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Opinion

Readers React: God’s work is to feed the hungry. Then we can rebuild Notre Dame

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People gaze at the fire-damaged Notre Dame cathedral in Paris.
(Bertrand Guay / AFP/Getty Images)

To the editor: As a person of faith, an intrepid traveler and a student of history and architecture, I was traumatized watching the Notre Dame Cathedral in Paris burn. It evoked images of buildings on fire that remain, devastatingly, in the Jewish consciousness.

All good people must weep when cathedrals of spirituality and religious history are destroyed, whether by terror or by accident.

But, as donations followed declarations in the push to rebuild, I was bothered and buoyed by two different musings.

First, how strange and perhaps awful that financial contributions flow more quickly to restore a building’s glory than to restore a city’s water (Flint, Mich.) or children’s full bellies (any number of underfunded projects to defeat hunger).

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Second, paraphrasing the great Rabbi Abraham Joshua Heschel, our greatest cathedrals are not in space, but in time. Our work should be to transcend architecture and make time, relationships and moments holier than any building could ever be.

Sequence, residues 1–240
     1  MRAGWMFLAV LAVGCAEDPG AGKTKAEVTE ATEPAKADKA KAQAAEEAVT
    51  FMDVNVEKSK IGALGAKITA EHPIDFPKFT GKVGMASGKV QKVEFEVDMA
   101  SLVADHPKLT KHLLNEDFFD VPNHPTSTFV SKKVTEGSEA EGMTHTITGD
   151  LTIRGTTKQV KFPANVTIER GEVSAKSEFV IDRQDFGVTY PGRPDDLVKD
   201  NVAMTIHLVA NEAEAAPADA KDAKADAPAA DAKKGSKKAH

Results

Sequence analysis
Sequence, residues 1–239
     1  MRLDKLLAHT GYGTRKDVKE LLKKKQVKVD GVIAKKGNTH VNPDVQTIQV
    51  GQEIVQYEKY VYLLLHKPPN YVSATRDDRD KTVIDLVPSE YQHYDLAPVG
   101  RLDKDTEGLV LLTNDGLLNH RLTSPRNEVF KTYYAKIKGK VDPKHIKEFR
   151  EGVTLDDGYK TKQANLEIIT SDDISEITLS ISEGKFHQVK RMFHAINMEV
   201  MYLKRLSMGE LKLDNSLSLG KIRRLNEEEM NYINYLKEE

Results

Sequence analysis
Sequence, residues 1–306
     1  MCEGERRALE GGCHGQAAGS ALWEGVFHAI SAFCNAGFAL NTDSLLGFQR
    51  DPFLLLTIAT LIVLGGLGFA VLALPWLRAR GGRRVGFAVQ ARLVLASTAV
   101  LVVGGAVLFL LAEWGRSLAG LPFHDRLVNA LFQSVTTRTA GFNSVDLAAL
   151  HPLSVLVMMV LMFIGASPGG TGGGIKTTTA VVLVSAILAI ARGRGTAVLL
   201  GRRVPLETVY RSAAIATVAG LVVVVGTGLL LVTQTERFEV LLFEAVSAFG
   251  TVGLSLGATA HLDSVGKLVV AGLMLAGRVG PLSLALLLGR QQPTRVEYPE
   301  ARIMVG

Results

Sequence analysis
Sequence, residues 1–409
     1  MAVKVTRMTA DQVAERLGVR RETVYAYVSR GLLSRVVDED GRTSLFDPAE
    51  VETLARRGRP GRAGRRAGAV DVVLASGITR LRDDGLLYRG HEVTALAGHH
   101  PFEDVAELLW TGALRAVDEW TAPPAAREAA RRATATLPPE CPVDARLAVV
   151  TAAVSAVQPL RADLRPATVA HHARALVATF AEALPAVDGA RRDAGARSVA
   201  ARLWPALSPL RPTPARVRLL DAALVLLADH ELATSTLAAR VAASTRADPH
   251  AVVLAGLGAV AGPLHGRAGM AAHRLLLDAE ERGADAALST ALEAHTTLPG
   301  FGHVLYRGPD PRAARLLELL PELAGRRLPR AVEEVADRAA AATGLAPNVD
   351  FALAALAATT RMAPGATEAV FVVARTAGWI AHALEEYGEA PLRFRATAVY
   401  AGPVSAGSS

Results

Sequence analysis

Rabbi Adam Kligfeld, Los Angeles

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To the editor: The Notre Dame fire brought out the contrast between the patient humility of the cathedral’s original builders and the hubris of modern man.

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The cathedral should make us humbled before the achievements of our ancestors of the so-called Dark Ages, both technologically and aesthetically. Instead, French President Emmanuel Macron boasts, “We will rebuild Notre Dame, more beautiful than before — and I want it done in the next five years.”

A cathedral can’t be built in a day. It is built of humility before the divine and time is not of its essence.

Carolyn Kunin, Pasadena

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To the editor: Since the massive wood beams used in Notre Dame’s original construction are no longer available, why not rebuild using beams fabricated from recycled plastics?

This could show future generations how 21st century technology can be used to build long-lasting structures, and at the same time call attention to the world’s plastic pollution problems.

Larry Kurens, Santa Monica

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